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Re: Microdata design philosophies

From: Martin McEvoy <martin@weborganics.co.uk>
Date: Thu, 15 Oct 2009 22:33:25 +0100
Message-ID: <4AD79525.8010803@weborganics.co.uk>
To: Ian Hickson <ian@hixie.ch>
CC: public-html@w3.org
Hello again Ian

Ian Hickson wrote:
> On Thu, 15 Oct 2009, Martin McEvoy wrote:
>   
>> Microdata is not "Designed for humans first and machines second".
>>     
>
> Actually, Microdata has very much been designed for humans first and 
> machines second. In fact, to underscore how important humans are in 
> Microdata's design, one member company of this working group has even gone 
> so far as to do usability testing of several variants of Microdata, to see 
> whether some of the proposals for changes to Microdata would actually have 
> beneficial effects. (Some did, some didn't. I've since updated the spec 
> based on what was learnt from those studies, as well as based on other 
> feedback regarding how to make the language easier for humans.)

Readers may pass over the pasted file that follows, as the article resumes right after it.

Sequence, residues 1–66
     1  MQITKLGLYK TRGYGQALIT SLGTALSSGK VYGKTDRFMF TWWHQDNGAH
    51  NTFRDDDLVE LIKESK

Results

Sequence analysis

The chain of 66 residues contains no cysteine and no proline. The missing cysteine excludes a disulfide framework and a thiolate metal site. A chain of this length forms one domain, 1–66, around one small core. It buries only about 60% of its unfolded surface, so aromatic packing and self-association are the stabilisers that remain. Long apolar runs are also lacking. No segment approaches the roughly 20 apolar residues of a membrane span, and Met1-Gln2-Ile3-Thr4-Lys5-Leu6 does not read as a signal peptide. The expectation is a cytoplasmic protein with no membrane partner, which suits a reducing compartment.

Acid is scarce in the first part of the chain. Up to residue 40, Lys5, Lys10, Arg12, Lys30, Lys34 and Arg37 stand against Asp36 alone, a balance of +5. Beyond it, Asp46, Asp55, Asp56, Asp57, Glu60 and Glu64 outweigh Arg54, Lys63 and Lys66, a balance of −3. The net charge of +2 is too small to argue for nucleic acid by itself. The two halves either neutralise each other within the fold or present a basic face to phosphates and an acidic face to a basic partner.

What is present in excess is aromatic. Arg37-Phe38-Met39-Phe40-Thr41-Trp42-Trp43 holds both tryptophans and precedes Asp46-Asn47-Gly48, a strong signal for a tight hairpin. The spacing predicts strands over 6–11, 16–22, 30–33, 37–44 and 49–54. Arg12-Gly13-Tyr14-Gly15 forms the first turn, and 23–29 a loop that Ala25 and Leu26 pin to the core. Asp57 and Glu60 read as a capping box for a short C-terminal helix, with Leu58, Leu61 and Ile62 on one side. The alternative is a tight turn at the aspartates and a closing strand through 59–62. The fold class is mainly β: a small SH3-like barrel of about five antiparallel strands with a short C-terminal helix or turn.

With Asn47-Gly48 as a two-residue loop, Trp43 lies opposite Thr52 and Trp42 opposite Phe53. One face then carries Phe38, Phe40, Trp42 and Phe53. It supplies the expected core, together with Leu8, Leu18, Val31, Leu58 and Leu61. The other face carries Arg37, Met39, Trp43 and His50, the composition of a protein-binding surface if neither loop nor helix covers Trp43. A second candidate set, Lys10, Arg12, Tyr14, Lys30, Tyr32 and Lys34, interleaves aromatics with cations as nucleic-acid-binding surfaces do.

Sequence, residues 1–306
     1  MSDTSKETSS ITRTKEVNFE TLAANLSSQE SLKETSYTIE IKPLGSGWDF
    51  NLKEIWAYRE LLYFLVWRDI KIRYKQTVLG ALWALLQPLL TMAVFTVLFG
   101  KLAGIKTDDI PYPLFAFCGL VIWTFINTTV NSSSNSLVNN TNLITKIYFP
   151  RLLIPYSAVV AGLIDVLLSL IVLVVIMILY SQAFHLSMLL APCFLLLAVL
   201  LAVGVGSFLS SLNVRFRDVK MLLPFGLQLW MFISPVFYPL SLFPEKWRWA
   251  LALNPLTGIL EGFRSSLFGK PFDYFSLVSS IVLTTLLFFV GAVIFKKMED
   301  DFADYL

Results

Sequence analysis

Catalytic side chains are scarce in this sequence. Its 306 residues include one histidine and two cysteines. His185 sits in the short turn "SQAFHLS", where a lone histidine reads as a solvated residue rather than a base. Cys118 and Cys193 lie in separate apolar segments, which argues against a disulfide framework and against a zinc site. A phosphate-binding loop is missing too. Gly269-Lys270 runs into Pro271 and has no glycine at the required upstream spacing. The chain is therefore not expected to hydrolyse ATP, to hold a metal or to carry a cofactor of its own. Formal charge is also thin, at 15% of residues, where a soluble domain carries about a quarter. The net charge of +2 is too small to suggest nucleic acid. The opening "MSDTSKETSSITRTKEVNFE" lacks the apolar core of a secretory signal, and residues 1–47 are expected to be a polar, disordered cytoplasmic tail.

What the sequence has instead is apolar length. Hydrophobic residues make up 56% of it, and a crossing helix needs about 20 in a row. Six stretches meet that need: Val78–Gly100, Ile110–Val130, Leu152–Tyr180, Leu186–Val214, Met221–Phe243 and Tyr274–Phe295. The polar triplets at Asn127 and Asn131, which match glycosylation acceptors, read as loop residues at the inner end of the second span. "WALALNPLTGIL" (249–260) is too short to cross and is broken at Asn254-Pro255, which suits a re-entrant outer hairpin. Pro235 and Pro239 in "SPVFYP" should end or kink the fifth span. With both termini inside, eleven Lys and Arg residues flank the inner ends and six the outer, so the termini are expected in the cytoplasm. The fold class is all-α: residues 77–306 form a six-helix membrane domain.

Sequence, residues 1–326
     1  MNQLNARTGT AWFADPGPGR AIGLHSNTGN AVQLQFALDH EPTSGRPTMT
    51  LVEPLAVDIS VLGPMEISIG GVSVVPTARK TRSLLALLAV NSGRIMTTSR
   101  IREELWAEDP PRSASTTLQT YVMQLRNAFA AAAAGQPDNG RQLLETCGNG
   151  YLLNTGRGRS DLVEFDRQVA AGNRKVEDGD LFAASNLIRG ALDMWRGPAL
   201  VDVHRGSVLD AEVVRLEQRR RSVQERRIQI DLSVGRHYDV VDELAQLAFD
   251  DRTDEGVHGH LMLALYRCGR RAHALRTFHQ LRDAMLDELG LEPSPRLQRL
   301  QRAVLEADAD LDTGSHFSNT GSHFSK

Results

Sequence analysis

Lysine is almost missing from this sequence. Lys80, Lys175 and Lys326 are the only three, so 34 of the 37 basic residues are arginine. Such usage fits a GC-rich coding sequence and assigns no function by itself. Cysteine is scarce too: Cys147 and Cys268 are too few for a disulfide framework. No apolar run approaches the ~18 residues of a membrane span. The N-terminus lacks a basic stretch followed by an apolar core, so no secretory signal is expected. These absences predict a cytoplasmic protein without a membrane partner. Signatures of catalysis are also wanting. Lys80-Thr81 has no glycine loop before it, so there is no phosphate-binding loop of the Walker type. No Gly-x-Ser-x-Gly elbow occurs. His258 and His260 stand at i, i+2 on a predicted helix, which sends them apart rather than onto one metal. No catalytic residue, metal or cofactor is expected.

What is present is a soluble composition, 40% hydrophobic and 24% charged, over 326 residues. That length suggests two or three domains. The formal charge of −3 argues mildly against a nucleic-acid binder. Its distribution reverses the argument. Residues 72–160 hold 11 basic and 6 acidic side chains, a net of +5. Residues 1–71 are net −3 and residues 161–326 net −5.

>
>   

Really Microdata is designed for humans first you say well thats news to me?

Itemscope, itemprop, itemref...etc..etc don't sound human friendly at 
all, If microdata were ever to become popular ( god forbid ) think of 
all gigabaytes of data that's going to take up just because you thought 
that pre-pending everything with "item" was somehow intuitive, and TBL 
worries about forward slashes, Im suprised you can sleep at night ;)

Thanks anyway to your chums at google for the usability testing... I 
read your changes almost as soon as they happened, you did tell them 
what microdata is supposed to do didn't you?
>   
>> Microdata is not "a set of simple, open data formats built upon existing 
>> and widely adopted standards" (in fact quite the opposite really)
>>     
>
> Microdata is just a syntax. There are a couple of data formats build upon 
> existing and widely adopted standards (specifically the vCard and vEvent 
> vocabularies, strongly influenced by hCard and hCalendar) that have been 
> documented for use with Microdata, though.
>   
Why use microdata at all when microformats already exist,  I cant think 
of a single microdata use case that isn't already solved by microformats 
and RDFa, by the way microformats and RDFa work very niceley together on 
the same page, I would hate to try and mix micro data with microformats 
or RDFa

I have said this before I still don't think you will be landing any 
planes with microdata sorry.

Best wishes

-- 
Martin McEvoy

http://weborganics.co.uk/

"You may find it hard to swallow the notion that anything as large and apparently inanimate as the Earth is alive."
Dr. James Lovelock, The Ages of Gaia
Received on Thursday, 15 October 2009 21:33:56 GMT

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